WS00018: Webservice Endpoint deployed
WatchWebService listening at address at http://localhost:8080/hybridapp.jaxws1.web-service/WatchWebServiceService
Step 3: Build and run the client
Once the web service is available, run
mvn -f web-service-client/pom.xml
to build web-service-client.jar. This is because the WSDL url, as specified in web-service-client/pom.xml, is not available until the web service is deployed.
To test, simple run:
java -jar web-service-client.jar
You shall see it will print the current time as obtained from the web service which in turn obtrains it from the OSGi service.
Enjoy developing OSGi enabled Java EE applications in GlassFish.
If you are using Ant 1.7.1 for developing Web Services with JAX-WS/JAXB, I suggest you to move to the latest version Ant 1.8.0.
I've extended the declarative hyperlinking module to support creation of HTTP Link headers.
New functionality in the experimental declarative hyperlinking module for Jersey.
One of the areas I'm keen to improve in the next version of JAX-RS is link creation. JAX-RS already offers UriBuilder but I think an annotation driven approach could save a lot of repetitive coding.
I've been experimenting with a couple of annotations that I think would be useful and I just checked in an experimental extension that partially implements what I have in mind. Suppose you have a...
One of the big features in Java EE 6 is dependency injection(yeah, 330 & 299 stuff!!). It pretty much integrated with the every EE component. That means you can nicely use all the CDI features with JAX-WS web services.
Content available at: http://blogs.sun.com/arungupta/entry/spark_it_2010_trip_report
Like to use XSLT 2.0 but fear to switch to SAXON? Just drop saxon9he.jar into JRE's lib/ext folder and you're done! NO FEAR, IT WILL WORK.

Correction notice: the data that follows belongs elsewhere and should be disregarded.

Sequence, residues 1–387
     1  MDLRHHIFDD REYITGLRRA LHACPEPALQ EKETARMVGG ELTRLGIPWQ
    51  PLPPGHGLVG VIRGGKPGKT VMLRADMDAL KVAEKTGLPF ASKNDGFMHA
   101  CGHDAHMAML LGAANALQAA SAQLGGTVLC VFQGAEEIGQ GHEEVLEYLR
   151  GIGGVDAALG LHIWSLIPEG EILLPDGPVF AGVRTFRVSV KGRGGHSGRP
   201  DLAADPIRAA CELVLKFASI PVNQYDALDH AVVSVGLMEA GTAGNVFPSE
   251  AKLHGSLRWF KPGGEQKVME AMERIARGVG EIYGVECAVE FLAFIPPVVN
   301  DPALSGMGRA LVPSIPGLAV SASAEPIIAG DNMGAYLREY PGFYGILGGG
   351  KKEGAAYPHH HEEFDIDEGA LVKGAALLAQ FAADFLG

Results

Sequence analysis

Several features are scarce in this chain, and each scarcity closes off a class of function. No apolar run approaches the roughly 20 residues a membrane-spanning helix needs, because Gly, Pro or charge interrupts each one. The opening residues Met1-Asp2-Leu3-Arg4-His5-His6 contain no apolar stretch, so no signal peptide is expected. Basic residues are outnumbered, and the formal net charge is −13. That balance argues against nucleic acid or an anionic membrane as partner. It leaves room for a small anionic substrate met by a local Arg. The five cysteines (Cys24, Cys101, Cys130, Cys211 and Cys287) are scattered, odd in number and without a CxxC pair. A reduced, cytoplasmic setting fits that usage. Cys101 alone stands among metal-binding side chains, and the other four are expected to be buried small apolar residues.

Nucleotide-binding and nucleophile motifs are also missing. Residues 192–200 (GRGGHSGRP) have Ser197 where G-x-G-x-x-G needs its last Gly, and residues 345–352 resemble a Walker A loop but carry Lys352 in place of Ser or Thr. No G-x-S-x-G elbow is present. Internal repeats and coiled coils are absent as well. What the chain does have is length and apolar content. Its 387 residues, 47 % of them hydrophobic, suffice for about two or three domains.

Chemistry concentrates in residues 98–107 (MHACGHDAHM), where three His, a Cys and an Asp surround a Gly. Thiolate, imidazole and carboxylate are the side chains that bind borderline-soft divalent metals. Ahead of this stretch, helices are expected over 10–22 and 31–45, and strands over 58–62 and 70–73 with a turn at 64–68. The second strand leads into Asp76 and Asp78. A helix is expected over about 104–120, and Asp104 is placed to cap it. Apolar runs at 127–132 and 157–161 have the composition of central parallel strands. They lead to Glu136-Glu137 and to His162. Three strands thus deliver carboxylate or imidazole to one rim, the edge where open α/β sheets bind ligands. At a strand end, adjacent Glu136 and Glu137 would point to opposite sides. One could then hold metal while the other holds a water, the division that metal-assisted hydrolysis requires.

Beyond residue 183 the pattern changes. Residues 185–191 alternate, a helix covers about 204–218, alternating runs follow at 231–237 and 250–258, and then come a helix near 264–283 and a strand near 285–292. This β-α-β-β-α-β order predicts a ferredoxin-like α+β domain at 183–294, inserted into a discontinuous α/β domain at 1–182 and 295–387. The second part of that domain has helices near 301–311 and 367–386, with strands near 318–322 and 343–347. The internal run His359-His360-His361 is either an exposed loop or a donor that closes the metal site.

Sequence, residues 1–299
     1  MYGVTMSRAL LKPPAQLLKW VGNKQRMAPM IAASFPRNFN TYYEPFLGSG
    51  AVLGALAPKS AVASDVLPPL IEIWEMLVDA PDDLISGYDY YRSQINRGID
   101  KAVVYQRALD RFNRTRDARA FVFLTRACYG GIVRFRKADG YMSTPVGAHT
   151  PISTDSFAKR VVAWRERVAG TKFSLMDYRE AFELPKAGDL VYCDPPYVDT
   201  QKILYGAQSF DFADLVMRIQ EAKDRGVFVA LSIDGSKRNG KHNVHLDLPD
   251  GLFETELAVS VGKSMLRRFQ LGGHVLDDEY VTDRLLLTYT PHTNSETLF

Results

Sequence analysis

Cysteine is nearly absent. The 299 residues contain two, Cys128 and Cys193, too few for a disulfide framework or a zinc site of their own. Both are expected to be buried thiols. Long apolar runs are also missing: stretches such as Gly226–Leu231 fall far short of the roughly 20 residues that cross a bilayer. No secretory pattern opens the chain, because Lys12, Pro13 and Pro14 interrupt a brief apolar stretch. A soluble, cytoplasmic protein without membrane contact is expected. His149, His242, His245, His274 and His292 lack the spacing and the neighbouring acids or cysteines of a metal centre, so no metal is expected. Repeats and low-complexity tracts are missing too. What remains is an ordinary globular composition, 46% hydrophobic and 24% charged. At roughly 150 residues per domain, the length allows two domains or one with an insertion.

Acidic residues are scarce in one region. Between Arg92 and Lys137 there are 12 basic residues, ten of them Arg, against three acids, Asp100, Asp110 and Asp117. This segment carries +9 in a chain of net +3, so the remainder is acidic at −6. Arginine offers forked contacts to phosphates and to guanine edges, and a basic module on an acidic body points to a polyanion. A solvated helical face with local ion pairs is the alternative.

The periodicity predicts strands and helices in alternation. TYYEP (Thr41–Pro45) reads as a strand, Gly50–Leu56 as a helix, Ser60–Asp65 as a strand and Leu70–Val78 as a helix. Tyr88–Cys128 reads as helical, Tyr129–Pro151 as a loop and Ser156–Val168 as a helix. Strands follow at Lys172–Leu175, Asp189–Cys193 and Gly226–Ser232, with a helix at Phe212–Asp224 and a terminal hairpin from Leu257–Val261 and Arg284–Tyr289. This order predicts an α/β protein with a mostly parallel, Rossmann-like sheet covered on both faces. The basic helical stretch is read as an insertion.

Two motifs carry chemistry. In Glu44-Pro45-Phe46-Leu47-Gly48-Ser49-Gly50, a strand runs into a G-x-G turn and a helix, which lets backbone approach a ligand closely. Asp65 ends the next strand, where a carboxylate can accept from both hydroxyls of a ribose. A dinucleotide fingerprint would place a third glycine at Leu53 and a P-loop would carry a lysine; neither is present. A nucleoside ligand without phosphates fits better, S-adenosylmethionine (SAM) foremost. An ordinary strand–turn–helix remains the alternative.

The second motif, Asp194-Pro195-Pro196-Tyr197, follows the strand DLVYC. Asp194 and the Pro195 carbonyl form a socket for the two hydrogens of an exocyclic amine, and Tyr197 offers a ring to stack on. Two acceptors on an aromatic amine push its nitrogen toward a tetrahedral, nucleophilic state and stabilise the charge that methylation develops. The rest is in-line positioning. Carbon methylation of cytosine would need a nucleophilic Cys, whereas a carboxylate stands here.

This article shows how we can use Spring Secirity and Spring remoting together to create a Spring Service in a Web application, secure it using Spring Security and later on invoke it from a Java SE application.
Sick of XALAN bugs in GlassFish? Time to pimp your container!
Christmas holidays is one of my favourite moment in the year, I have time to see my relatives, read books, play with my kids and hack a little bit.
I think I don't like the most in the strawman proposal is that the syntax for function type and for lambda literal reuse the same symbol '#'.
It's something that I've observed when teaching C. The C syntax use * when you...
Enhance your javadoc with UML diagram using UMLGraph with maven.
This relatively long article discusses OSGI, HK2, GlassFish modularity, how to extend GlassFish CLI and GlassFish administration console, Using GlassFish update system and finally setting up and managing an IPS package system.
A lot of applications these days title themselves RESTful. But how much REST is needed to be RESTful?
GlassFish v3 comes bundled with Metro - a secure, reliable, transactional, and .NET interoperable Web services stack. Metro is compliant with JAX-WS and provides additional quality of service attributes that can be easily enabled using NetBeans IDE.
This blog contains a screencast that shows how to create a simple Web service using NetBeans 6.8, implement the business logic by accessing a...